Like the previous model, the keyboard is covered on both sides [excluding they keys and touch-pad] in a felt-like fabric. As Apple also use a fabric keyboard for their iPad Pro, I’m assuming there’s an engineering reason for it. I don’t like the look or feel of the fabric. It’s also impractical. The felt texture gets worn looking, where the keyboard’s underside rests on a desk / table. That’s the side, which is visible when you’re carrying the Surface Pro. Also, because it’s textured, it’s easier to stain and harder to clean than a traditional wipe-clean keyboard. However, unlike the Apple Pro’s keyboard, the keys themselves are not covered by the fabric.
The Surface Pro 4 Type Cover keyboard is a massive improvement over the previous one. The new keyboard uses so-called island keys. This means each key is raised and has a distinct gap all around it. The key travel is very good for such a slim keyboard. And whilst there’s some flex in the keyboard, it’s not enough to negatively impact typing. The keys are also back-lit, making it easy to work in low light conditions.
The shortcut keys on the Surface Pro 4 Type Cover consist of media controls, back-lighting controls and the usual Print Screen, Home, End, Page up, Page down and Insert. The keyboard is also powered by the device, meaning no need for additional batteries.
The track pad is a huge improvement over its predecessor. It’s larger, extremely smooth and feels like glass. To qualify that, it’s better than the track pad on any of the Windows laptops I have owned. Throughout the day, I never needed to add a mouse. I was able, comfortably, to do everything with the track pad.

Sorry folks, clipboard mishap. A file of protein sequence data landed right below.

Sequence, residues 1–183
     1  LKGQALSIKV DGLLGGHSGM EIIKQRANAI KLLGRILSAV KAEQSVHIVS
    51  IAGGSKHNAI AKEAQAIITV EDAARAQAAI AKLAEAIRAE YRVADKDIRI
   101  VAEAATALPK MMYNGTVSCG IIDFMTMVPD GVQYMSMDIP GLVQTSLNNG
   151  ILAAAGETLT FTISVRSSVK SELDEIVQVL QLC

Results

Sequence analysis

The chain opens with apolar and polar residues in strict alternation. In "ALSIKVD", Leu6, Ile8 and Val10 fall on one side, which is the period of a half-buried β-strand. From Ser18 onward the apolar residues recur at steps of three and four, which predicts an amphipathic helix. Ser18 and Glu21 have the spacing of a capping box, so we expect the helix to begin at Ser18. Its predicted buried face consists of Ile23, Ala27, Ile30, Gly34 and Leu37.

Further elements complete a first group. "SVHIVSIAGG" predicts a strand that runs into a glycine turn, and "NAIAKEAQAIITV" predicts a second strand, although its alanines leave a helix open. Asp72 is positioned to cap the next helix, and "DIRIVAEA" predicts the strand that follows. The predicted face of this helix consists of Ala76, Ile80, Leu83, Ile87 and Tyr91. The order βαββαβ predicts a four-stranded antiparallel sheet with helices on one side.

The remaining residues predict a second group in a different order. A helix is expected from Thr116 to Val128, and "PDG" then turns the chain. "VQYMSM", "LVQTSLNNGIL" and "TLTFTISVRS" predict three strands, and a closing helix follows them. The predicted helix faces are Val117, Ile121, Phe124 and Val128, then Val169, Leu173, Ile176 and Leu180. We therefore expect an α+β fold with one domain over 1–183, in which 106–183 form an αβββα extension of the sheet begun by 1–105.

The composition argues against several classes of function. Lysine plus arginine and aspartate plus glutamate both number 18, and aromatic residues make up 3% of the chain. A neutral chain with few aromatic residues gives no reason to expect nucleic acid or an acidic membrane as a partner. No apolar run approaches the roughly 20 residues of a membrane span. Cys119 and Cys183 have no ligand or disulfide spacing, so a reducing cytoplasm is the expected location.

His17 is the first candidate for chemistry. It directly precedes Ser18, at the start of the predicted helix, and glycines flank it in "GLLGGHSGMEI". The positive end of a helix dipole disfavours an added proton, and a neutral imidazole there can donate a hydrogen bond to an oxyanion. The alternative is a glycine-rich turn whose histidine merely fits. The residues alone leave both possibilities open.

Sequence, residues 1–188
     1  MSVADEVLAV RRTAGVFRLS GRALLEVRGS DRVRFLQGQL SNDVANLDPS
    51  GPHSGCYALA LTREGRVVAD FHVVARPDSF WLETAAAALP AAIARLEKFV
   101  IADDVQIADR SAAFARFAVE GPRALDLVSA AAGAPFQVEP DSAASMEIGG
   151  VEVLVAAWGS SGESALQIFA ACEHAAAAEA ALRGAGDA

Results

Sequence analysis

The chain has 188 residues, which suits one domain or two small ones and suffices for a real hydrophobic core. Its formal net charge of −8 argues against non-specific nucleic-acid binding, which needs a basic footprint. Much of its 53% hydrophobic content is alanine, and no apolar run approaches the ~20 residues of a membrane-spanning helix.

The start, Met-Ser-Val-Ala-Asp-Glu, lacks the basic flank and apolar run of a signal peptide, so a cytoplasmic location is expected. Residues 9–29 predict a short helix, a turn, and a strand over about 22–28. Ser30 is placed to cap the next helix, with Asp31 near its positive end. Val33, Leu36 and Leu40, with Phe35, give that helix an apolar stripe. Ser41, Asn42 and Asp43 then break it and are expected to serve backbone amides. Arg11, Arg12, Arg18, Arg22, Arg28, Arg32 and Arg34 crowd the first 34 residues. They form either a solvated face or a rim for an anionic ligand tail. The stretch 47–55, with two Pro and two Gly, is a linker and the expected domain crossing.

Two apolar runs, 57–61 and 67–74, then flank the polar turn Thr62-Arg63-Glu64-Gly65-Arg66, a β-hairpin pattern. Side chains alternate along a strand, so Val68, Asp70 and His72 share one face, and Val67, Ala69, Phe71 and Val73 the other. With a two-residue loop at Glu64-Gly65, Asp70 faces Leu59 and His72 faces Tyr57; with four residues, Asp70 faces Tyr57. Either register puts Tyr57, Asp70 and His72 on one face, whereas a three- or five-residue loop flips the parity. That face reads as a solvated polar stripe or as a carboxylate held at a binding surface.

The Surface Pro 4 Type Cover offers a better typing experience than most Windows laptops. Yes, it’s that good.
I was immediately able to write on the new keyboard with my usual speed and accuracy. That’s quite unusual for me. I have slight arthritis in both hands, which means I am prone to a little pain unless I’m using a decent quality keyboard. I found the Surface Pro 4 Type Cover to be comfortable and intuitive. The key travel, spacing between keys and slightly raised keyboard design, combine to make typing effortless and fast.
I seldom use a laptop on my lap, however, I know lots of you do. So, I tried using the Surface Pro 4 Type Cover on my lap and it worked okay, though it’s not quite as lappable as a regular laptop. This is partly because of the distance between the keyboard and the Surface Pro’s kickstand. With a traditional laptop, the base is the same size the keyboard and track pad. With a Surface Pro, you have the extra depth required by the kickstand.
I have to admit to being very pleasantly surprised with the Surface Pro 4 Type Cover. I had often used the previous version and found it extremely limited for anything other than short notes. The new Type Cover is not only a good mobile keyboard, it’s a business grade performer, which is good enough for working on all day.
The price tag seemed high, before I used the keyboard. However, it’s worth every penny. If, like me, you’re a Surface Pro 3 user, this keyboard is an excellent upgrade and will give your device a new lease of life.
All in all, an outstanding keyboard.